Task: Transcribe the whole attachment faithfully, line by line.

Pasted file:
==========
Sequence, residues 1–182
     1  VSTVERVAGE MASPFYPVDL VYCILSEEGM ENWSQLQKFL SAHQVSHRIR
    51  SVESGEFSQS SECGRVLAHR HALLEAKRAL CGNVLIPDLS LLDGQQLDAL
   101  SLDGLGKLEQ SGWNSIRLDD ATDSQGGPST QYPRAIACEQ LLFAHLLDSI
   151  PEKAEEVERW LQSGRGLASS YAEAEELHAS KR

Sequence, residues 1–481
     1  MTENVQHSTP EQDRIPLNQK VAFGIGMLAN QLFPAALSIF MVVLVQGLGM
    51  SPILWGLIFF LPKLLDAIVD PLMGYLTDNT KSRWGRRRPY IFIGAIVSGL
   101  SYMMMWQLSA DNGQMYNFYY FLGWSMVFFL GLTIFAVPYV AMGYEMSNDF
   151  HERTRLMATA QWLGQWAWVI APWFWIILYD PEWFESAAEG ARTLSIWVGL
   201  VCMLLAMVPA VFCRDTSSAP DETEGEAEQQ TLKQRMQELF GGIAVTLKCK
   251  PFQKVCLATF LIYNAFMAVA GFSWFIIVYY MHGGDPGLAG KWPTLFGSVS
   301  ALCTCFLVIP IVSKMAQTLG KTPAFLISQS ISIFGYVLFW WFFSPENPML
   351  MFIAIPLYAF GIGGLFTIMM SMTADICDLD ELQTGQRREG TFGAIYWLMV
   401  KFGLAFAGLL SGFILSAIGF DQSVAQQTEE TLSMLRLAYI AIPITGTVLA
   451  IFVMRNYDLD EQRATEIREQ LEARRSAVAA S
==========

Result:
Sequence, residues 1–182
     1  VSTVERVAGE MASPFYPVDL VYCILSEEGM ENWSQLQKFL SAHQVSHRIR
    51  SVESGEFSQS SECGRVLAHR HALLEAKRAL CGNVLIPDLS LLDGQQLDAL
   101  SLDGLGKLEQ SGWNSIRLDD ATDSQGGPST QYPRAIACEQ LLFAHLLDSI
   151  PEKAEEVERW LQSGRGLASS YAEAEELHAS KR

Sequence, residues 1–481
     1  MTENVQHSTP EQDRIPLNQK VAFGIGMLAN QLFPAALSIF MVVLVQGLGM
    51  SPILWGLIFF LPKLLDAIVD PLMGYLTDNT KSRWGRRRPY IFIGAIVSGL
   101  SYMMMWQLSA DNGQMYNFYY FLGWSMVFFL GLTIFAVPYV AMGYEMSNDF
   151  HERTRLMATA QWLGQWAWVI APWFWIILYD PEWFESAAEG ARTLSIWVGL
   201  VCMLLAMVPA VFCRDTSSAP DETEGEAEQQ TLKQRMQELF GGIAVTLKCK
   251  PFQKVCLATF LIYNAFMAVA GFSWFIIVYY MHGGDPGLAG KWPTLFGSVS
   301  ALCTCFLVIP IVSKMAQTLG KTPAFLISQS ISIFGYVLFW WFFSPENPML
   351  MFIAIPLYAF GIGGLFTIMM SMTADICDLD ELQTGQRREG TFGAIYWLMV
   401  KFGLAFAGLL SGFILSAIGF DQSVAQQTEE TLSMLRLAYI AIPITGTVLA
   451  IFVMRNYDLD EQRATEIREQ LEARRSAVAA S